$\displaystyle x^{3}+mx+n=0$ is given with m and n real numbers and $\displaystyle x_1, x_2, x_3$ it's solutions.

It's asked for the value of the determinant:

$\displaystyle det = \begin{vmatrix}

1 & 1 & 1\\

x_1 & x_2 & x_3 \\

x_1^{2} & x_2^{2} & x_3^{2}

\end{vmatrix}$

I have tried to solve it in the Vandermonde way

$\displaystyle det=(x_1-x_2)(x_1-x_3)(x_2-x_3)$

Or to sum up columns 2 and 3 to the first (to obtain the sum, and the sum of squares of the solutions - which are found easily with Viete).

$\displaystyle det=(x_3-x_2)(3x_3x_2+2m)$

I have managed to find out that:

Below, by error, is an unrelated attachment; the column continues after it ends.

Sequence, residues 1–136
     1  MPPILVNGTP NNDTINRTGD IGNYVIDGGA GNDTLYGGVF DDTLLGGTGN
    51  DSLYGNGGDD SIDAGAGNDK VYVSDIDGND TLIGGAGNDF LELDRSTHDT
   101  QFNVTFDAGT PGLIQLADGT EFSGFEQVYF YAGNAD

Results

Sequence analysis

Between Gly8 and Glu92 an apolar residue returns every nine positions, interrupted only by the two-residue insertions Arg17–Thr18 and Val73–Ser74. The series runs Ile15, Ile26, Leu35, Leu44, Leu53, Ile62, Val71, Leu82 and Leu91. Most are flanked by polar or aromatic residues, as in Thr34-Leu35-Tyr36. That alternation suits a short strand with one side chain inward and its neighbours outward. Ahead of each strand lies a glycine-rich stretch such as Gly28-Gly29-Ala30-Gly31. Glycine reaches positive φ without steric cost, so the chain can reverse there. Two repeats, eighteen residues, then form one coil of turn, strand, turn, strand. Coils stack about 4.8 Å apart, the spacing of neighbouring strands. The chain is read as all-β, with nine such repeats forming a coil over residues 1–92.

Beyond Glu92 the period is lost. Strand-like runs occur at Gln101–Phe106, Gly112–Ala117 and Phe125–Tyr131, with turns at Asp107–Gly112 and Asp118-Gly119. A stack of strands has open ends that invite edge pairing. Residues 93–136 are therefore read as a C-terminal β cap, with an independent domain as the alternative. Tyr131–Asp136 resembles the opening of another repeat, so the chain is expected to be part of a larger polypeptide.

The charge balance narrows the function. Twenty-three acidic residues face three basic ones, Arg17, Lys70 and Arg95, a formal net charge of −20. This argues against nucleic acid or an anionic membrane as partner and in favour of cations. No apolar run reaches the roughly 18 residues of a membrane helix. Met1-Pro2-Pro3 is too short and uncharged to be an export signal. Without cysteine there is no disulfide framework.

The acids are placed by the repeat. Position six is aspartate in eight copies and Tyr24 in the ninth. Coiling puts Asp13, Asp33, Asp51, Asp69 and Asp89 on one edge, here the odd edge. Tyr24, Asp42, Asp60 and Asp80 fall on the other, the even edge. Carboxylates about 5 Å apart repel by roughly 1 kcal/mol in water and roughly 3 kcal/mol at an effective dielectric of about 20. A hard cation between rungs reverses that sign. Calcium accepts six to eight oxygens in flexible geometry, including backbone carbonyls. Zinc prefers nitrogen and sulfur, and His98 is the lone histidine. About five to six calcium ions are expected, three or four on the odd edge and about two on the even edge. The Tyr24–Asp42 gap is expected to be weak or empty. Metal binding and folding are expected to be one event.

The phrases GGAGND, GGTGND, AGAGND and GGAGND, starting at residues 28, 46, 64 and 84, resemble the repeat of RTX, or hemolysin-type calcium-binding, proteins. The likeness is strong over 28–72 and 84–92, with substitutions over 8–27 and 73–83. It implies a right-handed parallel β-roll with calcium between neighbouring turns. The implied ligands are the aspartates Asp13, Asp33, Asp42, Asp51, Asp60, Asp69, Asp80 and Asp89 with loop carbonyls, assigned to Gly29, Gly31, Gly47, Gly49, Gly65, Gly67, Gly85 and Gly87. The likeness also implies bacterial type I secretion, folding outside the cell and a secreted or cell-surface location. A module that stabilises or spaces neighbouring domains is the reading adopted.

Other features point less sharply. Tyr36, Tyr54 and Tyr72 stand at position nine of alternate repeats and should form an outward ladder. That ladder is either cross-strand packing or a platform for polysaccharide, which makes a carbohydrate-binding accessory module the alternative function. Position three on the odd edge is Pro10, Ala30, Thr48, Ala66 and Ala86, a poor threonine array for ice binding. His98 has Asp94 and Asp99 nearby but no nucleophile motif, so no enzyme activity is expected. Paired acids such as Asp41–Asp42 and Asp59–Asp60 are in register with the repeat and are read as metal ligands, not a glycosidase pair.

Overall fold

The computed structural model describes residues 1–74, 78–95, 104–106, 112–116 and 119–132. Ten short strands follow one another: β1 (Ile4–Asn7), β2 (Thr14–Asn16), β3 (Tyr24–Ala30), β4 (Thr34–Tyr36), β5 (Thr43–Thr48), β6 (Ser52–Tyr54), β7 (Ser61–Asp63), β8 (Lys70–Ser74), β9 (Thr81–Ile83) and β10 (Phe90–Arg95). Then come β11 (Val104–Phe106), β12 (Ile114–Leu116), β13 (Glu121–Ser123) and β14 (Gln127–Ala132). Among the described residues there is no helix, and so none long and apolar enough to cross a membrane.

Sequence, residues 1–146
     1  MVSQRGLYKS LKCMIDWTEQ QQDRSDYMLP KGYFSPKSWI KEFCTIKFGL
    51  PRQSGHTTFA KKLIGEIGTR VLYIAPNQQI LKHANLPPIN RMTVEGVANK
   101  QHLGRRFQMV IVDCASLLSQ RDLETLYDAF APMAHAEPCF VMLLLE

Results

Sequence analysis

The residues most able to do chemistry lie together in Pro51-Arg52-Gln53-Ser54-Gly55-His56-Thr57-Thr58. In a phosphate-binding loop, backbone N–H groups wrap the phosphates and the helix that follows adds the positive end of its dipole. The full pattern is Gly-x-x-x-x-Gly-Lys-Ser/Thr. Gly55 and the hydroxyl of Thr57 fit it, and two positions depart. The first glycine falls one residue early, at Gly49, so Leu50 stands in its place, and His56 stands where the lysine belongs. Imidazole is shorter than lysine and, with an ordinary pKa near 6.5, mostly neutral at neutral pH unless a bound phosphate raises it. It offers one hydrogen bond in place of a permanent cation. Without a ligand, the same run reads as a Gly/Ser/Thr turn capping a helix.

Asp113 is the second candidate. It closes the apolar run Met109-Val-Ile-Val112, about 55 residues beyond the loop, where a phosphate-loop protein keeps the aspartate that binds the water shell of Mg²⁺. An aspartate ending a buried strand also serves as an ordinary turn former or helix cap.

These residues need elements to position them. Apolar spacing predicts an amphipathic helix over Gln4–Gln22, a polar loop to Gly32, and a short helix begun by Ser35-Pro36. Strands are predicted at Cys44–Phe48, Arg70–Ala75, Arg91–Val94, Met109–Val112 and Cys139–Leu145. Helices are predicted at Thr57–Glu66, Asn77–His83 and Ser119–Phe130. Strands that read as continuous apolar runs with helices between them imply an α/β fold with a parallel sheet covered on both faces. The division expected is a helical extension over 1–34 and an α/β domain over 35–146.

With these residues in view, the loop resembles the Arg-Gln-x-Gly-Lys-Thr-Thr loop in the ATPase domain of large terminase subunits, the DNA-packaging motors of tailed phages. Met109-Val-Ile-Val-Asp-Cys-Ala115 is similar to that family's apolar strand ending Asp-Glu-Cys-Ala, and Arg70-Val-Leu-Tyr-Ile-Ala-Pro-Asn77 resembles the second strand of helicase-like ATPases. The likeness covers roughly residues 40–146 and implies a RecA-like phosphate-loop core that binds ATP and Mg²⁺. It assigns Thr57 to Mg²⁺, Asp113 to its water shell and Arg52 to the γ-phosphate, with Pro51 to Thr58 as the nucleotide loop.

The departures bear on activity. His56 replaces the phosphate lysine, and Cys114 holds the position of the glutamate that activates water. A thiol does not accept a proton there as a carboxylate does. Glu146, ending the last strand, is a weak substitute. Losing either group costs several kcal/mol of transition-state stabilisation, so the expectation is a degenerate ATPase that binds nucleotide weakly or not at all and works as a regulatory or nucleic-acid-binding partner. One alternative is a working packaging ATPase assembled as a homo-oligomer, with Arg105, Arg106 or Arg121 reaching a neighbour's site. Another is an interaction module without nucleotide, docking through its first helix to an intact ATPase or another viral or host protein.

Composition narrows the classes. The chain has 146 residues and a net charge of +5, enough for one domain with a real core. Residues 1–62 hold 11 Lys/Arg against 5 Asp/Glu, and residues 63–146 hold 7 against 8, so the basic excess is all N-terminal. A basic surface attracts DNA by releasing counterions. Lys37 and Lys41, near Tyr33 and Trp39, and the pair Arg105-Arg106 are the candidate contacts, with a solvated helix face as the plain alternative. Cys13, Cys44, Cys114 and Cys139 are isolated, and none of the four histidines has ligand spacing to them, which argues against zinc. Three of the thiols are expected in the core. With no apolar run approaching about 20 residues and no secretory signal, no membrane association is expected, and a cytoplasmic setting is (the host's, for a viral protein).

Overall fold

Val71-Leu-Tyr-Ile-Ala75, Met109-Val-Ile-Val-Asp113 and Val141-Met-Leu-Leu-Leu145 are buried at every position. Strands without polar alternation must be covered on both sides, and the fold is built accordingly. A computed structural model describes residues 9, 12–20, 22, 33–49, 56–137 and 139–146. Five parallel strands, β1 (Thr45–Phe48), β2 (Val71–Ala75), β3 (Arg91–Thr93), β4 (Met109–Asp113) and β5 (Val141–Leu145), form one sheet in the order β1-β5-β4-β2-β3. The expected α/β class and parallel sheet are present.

$\displaystyle (x_1^{2}+x_1x_2+x_2^{2})(x_1^{2}+x_1x_3+x_3^{2})(x _2^{2}+x_2x_3+x_3^{2})=m$

the value of the determinant beeing $\displaystyle \pm \sqrt{-4m^{3}-27n^{2}}$ thinking that I should sqare the first identety and make some conection with this one.

I'm sorry for posting this problem to pre-algebra too. This is a linear algebra problem, but it's for highschool.